Imagine the nightmare of parents waking up to see their daughter lying murdered in her own bed. Nothing can possibly be worse than that. Except perhaps to be accused of murdering her. And then being convicted of that crime for no other reason than that the police could not find anyone else. What Rajesh and Nupur Talwar – and indeed their entire family and close friends’ circle – went through in the dreadful decade since Aarushi and Hemraj’s murder cannot be fathomed.
It is not often that I get to indulge both my passions – textiles and food. The past few weeks have been a bonanza in that respect and set me thinking a little deeply about both instead of merely revelling in the immediate joy of seeing and feeling an exquisite textile or tasting a delectable morsel. My main train of thought was the symbiotic relationship between authenticity and innovation. The unanimous demand of guests at our new home has been for “authentic” Bengali food.
It is not uncommon for China to claim that just about everything was discovered, created, evolved or invented there, from astronomy to gastronomy, technology to culture. India has been remarkably reticent about asserting its own considerable claims, much less challenging Chinaâ€™s claims of preeminence on the continent. Maybe the resolution of the Doklam standoff will mark a change in this curious Indian pusillanimity.
Muck Rack makes it simple to find people, tweets, or articles that mention any name, keyword, company, hashtag etc. We've compiled this guide to help you make the most of your search.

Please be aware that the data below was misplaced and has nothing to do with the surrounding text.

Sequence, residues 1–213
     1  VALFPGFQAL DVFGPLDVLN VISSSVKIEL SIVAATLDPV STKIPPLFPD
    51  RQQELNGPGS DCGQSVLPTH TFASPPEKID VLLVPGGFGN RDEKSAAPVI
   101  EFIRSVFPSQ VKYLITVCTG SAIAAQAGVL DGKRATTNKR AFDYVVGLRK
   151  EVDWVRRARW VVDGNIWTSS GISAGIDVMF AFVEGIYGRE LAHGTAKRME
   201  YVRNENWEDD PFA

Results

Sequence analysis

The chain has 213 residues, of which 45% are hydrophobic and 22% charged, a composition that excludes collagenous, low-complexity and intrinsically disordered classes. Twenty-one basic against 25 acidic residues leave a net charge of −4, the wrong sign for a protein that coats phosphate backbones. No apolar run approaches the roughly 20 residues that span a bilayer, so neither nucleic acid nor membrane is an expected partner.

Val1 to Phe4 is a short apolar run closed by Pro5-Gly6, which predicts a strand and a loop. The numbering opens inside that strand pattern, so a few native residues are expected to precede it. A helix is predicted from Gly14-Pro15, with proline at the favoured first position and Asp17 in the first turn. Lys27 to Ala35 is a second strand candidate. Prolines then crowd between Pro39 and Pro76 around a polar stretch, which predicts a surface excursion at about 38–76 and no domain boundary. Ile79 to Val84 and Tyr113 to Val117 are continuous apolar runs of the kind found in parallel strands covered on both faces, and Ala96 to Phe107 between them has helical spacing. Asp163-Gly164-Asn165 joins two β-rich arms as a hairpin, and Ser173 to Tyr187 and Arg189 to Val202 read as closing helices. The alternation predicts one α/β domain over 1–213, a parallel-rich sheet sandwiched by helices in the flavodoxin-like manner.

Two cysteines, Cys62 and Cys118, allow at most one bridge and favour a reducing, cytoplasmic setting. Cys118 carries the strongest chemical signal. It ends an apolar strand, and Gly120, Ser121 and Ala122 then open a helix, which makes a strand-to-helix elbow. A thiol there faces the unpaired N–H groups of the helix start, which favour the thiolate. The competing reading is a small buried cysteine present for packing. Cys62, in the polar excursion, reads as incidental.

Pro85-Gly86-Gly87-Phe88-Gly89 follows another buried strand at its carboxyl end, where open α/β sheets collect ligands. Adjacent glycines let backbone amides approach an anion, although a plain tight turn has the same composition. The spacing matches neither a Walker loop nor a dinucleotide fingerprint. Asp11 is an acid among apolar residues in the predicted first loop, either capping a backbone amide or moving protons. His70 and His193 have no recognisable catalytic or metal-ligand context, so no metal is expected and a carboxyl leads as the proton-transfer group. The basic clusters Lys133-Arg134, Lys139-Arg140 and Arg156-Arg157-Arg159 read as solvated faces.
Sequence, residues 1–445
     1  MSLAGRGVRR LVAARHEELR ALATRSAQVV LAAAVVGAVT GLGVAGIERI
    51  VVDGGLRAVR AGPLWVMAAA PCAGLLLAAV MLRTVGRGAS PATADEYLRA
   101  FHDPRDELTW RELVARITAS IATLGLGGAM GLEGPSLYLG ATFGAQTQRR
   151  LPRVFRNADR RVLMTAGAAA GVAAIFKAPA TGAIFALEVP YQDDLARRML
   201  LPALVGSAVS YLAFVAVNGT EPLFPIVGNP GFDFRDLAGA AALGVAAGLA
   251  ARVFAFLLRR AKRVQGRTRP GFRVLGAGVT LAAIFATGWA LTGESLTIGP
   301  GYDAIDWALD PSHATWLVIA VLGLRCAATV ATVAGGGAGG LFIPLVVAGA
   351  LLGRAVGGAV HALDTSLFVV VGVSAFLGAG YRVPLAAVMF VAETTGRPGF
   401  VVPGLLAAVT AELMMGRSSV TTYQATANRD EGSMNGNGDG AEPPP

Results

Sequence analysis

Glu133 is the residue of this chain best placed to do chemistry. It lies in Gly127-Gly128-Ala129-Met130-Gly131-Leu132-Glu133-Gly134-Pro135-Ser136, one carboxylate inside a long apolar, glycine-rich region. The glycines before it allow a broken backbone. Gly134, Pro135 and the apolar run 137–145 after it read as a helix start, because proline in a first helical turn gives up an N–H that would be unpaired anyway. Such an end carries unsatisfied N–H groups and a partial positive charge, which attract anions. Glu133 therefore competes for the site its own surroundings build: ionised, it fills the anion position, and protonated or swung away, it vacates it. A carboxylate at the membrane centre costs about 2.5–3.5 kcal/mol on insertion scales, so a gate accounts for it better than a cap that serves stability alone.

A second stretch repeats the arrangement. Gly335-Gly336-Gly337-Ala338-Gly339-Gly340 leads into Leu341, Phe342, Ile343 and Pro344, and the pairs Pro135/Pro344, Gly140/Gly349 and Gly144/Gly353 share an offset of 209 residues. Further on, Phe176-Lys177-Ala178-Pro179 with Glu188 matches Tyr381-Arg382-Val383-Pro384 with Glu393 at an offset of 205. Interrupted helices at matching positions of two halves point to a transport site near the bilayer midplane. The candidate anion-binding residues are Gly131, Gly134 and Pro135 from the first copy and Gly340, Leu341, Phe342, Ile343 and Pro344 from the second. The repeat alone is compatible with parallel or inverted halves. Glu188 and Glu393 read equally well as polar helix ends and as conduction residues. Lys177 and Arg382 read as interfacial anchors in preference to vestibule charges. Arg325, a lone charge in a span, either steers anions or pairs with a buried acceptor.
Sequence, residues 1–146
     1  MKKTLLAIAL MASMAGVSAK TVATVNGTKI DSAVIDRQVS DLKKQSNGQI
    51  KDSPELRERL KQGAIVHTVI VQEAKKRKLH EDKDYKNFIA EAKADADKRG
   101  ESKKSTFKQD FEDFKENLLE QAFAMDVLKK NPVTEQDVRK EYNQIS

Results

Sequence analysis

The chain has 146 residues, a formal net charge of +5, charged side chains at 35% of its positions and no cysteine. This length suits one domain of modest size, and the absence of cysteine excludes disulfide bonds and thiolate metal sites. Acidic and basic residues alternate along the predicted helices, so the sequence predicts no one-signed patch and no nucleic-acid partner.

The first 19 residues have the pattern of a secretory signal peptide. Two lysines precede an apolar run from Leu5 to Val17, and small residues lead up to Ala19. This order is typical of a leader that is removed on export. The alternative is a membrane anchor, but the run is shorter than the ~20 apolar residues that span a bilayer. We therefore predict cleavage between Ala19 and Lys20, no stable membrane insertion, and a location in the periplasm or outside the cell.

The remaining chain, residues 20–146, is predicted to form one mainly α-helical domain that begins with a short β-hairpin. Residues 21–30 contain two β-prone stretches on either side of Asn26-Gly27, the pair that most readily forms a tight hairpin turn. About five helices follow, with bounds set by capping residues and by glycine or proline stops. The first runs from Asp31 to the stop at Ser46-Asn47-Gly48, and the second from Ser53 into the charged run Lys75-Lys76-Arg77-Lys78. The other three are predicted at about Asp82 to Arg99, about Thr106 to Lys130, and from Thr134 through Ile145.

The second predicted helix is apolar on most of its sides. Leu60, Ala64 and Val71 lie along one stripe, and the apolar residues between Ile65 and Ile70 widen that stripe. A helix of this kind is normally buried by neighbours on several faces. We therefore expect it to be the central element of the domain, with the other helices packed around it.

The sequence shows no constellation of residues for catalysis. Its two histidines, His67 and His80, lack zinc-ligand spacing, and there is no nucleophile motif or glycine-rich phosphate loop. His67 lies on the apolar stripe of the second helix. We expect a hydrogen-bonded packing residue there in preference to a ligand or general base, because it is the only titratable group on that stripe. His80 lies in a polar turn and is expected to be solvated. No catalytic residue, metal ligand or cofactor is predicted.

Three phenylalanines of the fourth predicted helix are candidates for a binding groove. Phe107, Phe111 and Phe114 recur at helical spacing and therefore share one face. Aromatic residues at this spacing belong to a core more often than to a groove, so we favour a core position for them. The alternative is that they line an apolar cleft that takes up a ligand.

Selecting a term
Start searching tweets, articles from media outlets, articles mentioned in tweets, journalists'
names, titles and bios with some suggested searches:
Companies or Topics (e.g. iPhone, Microsoft)
Phrases (e.g. "cloud computing") — use quotes to keep the terms together
Twitter handles (e.g. @username) — returns those who have mentioned or replied to
Names (e.g. "David Pogue")
Hashtags (e.g. #sxsw, #london2012)
Bio details (e.g. vegan, Olympics, father)
Muck Rack's Advanced Search allows for many boolean operators.
Find results that mention multiple specified terms, use AND or
+. For example, ensure each result contains both Elon Musk and Mark Zuckerberg by
searching Musk AND Zuckerberg or Musk + Zuckerberg.
Use the operators OR or , to broaden your search when you'd like either of
multiple terms to appear in results. (This is the default behavior of our search when no operators
are used). For example, results will contain either cake or cookie by searching cake OR cookie or cake,cookie
Use NOT or - to subtract results from your search. For
example, searching Disney will yield results about the Walt Disney Company as well as Walt Disney
World Resort. To exclude mentions of Disney World, search for Disney -World or Disney
When using one of these operators with a phrase, enclose it in quotation marks. For example, you can
find results about smartphones excluding Apple's iPhone 4S by searching smartphone -"iPhone
Exact case matching or punctuation
If you're searching for a brand name or keyword that relies on specific punctuation marks or capitalization, you can
find results that match your exact query by adding matchcase: before the keyword you're searching for, like matchcase:E*TRADE .
Use parentheses to separate multiple
boolean phrases. For example, to find journalists talking about having fun in Disney World or
Disneyland, search for ("disney world" OR disneyland) AND fun.
An asterisk can be used to search for any variation of a root word truncated by the asterisk. For example, searching for admin* will return results for administrator, administration, administer, administered, etc.
A near operator is an AND operator where you can control the distance between the words. You can vary the distance the near operation uses by adding a forward slash and number (between 0-99) such as strawberries NEAR/10 "whipped cream", which means the strawberries must exist within 10 words of "whipped cream".